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Do Green Cleaning Certifications Matter?

Written by  Mickey Crowe

green cleaning certifications

I am oftentimes asked about the validity and value of green cleaning and many of the certifications that are being promoted today. First of all, unless the zombies actually do take over the world, I believe that green cleaning, sustainability and certifications are here to stay. If they do take over it may not matter in a post-apocalyptic world. Although there are many definitions I like to think of green cleaning as simply “using environmentally safe processes and products to clean an area or surface with minimal or no impact on the environment while protecting the health of all living things which includes humans as well as wildlife”. Green cleaning also touches on sustainability in that the focus should be on choosing products that come from sources other than petroleum such as corn, soybean and other renewable chemicals that are considered bio-renewable.

Multiple studies have demonstrated that correct green cleaning not only improves the environment (both indoors and out) but also can reduce health issues from asthma to serious cancers. I vividly remember confronting a neighbor who was draining his vehicle oil into the storm drain. I lived in Orlando at the time and Florida is a large sand bar with very porous soil so that whatever he put into the storm drain ended up in someone’s drinking water. Not only should commercial cleaning services respect the need to use a sanitary system or collection site (when appropriate) to dispose of chemicals and petroleum based products, homeowners should take a moment to consider where the chemicals they use ends up when dumped in a storm drain or household sink.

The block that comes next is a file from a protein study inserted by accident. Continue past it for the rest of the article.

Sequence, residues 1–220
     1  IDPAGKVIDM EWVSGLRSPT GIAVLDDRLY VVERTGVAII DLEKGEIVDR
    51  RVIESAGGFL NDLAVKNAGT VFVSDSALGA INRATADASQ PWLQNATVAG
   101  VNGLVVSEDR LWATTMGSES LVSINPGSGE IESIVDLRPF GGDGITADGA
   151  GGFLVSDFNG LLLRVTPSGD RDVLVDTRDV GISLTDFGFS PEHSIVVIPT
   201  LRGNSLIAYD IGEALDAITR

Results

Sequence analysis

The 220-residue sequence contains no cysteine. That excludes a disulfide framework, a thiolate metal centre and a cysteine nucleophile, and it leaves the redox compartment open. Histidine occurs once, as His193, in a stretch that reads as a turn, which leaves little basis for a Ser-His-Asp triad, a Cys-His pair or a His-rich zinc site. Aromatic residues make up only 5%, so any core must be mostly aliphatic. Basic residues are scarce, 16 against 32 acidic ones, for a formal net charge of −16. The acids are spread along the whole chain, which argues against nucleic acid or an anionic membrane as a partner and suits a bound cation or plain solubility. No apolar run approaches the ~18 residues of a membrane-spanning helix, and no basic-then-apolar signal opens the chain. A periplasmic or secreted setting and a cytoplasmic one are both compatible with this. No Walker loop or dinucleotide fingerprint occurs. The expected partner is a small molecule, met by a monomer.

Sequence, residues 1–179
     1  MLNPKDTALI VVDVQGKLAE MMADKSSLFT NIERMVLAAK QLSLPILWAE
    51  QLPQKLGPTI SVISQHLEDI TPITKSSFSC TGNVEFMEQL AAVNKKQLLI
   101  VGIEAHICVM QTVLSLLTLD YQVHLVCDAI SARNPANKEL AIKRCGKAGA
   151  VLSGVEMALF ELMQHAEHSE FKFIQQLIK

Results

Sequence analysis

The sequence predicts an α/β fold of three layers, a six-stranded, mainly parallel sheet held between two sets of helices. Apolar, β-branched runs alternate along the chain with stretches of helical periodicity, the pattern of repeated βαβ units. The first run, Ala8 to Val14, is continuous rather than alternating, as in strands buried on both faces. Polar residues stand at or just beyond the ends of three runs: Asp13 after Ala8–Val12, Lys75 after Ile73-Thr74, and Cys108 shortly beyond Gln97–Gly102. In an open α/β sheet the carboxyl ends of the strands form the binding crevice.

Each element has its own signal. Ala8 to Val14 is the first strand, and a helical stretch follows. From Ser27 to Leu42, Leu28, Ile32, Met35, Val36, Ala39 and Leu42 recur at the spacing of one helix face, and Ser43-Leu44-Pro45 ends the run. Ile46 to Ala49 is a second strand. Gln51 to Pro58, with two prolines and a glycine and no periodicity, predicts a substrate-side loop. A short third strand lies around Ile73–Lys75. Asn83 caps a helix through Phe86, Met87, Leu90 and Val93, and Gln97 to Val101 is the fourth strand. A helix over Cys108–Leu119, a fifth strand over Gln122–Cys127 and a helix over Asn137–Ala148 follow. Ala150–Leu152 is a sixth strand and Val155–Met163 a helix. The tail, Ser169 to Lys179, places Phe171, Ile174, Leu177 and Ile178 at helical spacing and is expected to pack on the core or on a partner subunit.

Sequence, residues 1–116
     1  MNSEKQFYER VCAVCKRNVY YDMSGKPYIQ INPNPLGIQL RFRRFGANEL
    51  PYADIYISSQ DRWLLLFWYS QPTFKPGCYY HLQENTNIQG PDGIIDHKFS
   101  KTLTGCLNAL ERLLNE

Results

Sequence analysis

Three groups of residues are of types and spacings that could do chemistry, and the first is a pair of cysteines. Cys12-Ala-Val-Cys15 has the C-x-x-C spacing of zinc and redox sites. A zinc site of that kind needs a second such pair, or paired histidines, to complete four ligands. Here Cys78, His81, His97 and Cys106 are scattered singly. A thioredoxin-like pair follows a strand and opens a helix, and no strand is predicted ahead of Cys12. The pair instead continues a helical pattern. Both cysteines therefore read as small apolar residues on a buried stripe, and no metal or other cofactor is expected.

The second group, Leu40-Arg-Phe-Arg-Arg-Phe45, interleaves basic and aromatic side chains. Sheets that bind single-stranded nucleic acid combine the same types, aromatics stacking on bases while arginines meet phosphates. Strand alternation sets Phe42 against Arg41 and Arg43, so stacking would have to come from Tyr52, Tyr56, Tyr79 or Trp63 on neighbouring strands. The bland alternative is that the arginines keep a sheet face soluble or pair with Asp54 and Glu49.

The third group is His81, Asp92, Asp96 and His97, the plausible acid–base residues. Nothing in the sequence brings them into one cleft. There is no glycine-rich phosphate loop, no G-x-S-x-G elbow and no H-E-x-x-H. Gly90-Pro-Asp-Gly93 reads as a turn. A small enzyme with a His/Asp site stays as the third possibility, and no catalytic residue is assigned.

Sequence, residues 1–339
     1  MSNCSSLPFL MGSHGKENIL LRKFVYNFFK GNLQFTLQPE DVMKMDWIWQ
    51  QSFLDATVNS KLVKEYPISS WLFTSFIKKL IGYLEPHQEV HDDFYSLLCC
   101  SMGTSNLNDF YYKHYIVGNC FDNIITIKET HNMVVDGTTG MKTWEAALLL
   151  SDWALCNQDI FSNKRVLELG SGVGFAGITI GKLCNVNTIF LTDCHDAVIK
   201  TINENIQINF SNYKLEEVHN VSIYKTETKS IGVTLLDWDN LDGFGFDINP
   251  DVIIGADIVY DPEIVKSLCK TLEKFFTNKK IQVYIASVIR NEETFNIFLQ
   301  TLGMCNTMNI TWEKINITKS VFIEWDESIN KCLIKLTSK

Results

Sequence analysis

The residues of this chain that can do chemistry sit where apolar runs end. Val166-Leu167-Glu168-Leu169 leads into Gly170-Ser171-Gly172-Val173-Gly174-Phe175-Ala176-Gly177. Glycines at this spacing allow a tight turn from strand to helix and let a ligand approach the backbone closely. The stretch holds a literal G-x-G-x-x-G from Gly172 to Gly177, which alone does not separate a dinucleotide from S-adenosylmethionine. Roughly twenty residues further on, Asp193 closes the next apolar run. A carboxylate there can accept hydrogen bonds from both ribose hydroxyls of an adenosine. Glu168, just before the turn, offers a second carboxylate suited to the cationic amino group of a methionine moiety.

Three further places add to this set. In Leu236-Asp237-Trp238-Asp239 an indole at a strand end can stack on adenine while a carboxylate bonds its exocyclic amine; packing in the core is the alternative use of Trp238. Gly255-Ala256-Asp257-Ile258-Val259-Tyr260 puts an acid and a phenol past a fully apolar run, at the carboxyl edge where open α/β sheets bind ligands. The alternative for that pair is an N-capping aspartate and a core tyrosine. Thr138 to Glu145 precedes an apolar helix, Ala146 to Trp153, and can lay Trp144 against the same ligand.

Some of you may be old enough remember the news report of the man who flipped his cigarette into a river and it caught fire. Others may remember when many rivers frothed and foamed due to high phosphate laundry detergents being dumped (oftentimes untreated) into drains that ultimately ended up in rivers, lakes and eventually the ocean. We certainly do not want to go back to those days when the air, water and even the land was being poisoned. If we do not care about our own health we should consider the impact on future generations who will either suffer the ill effects of our poor stewardship or have to pay to restore their polluted environment.

Commercial cleaning professionals need to take ownership of the chemicals used and how they are disposed since it is not only the law but the right thing to do. There are many different resources to which we can turn. One primary resource is a quality distributor who is knowledgeable and can provide guidance and training for complying with the law. Many provide training in green topics and even tests to demonstrate the level of understanding achieved. Some of the certifications are for individuals while others are for companies or even buildings. It is important that you research the different certifications and choose the one that best fits your particular needs. Following are a few to consider: